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Chap, expedition to the bay of Bantrv, the assistance of v.y«^ another armament was solicited by a messenger named Lewins, who, by way of Hamburgh, arrived about the end of May, 1797, at Paris, where he remained as ambassador. From a fear that a premature insurrection in Ulster, unaided from abroad, the suppression of which might ruin their scheme, should be forced by the violent measures adopted by government, Do6lor William James Mac-Nevin, the secretary of the directory, was deputed at the end of June in the same year, to press with redoubled earnestness for immediate aid. Finding some difficulty at Hamburgh in the procuring of a passport to France, Mac-Nevin transmitted, by an agent of the French republic, a memoir to Paris, where he afterwards in person delivered a second, having obtained permission to proceed in his journey. In the former, which, though presented to the French directory, was, by means as yet unknown to the public, procured by the Irish ministry, a statement was made of Ireland; a promise of reimbursement to France of all its expences in Irish emancipation; and a demand of troops not exceeding ten thousand men, nor falling short of five thousand, with artillery, ammunition, and small arms. In the latter was employed every argument for the hastening of invasion. A request, which entirely failed, was also made of a loan of half a million, or at least three hundred thousand pounds, from France and Spain successively, on the security of ecclesiastical and other lands destined for confiscation.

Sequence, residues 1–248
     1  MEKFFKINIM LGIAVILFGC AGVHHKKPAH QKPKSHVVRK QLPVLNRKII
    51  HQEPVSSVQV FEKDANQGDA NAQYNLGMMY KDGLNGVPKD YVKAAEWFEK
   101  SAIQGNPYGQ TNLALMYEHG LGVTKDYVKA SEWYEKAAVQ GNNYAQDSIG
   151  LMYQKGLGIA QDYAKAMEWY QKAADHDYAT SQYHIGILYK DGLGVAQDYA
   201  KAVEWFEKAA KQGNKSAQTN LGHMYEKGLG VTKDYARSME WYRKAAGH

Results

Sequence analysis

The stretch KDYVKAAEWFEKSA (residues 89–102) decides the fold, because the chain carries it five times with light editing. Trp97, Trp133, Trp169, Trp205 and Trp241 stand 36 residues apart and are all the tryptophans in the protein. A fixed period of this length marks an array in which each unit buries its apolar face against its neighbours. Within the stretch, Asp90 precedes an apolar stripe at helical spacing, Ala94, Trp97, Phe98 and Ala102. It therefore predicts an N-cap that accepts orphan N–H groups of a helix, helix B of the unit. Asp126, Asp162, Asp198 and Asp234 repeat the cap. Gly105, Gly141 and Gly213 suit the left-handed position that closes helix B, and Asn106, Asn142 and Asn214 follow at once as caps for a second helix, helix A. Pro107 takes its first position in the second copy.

To stipulate that the invading army should not Chap. exceeed ten thousand men was the wish of the Irish v_v_J directory, apprehensive of French ambition, which would aim at the conquest, not the liberation, of Ireland. Preparations were made at Brest, and the porUof Texel in Holland, for the transportation of a much greater force. At the latter fifteen thousand men were embarked under general Daendells, but, from fear of the British navy, were again put on shore: and when, contrary to the judgment of its commander, admiral de Winter, the fleet was obliged to sail, at the instance of the French government, it was totally defeated, on the eleventh of October, 1797, by a superior squadron of sixteen British ships of the line under lord viscount Duncan, near Camperdown on the Dutch coast. Neither cordiality to the Irish conspirators, confidence in their fidelity, nor judgment in its plans of invasion, appears in the conduct of the French directory. Wearied by disappointments, yet not despairing of their transmarine allies, and alarmed at the declining state of their affairs by the vigorous measures of government, the leaders of the conspiracy resolved on a desperate effort of insurrection, and in the February of 1798 appointed a military committee, sent instructions in detail to the adjutant-generals, and prepared a most pressing dispatch to the French government, for which they could find no mode of conveyance; but they received some time afterwards a letter containing a promise of the long-expec1ed succours in April. Why this was not performed no

Vol. II. B B information


Chap, information was given them. Arthur O'Connor, a >x 'j member of the Irish directory, had attempted to pas* through England to France at the end of February, but was arrested on suspicion at Margate, together with James Coigly, an Irish priest, and John Binns, a member of a political club in London, called the Corresponding Society. Tried at Maidstone on the twenty-second of May, Coigly was executed; O'Connor and Binns, against whom no proof could be found, were acquitted, but detained on another charge of treason.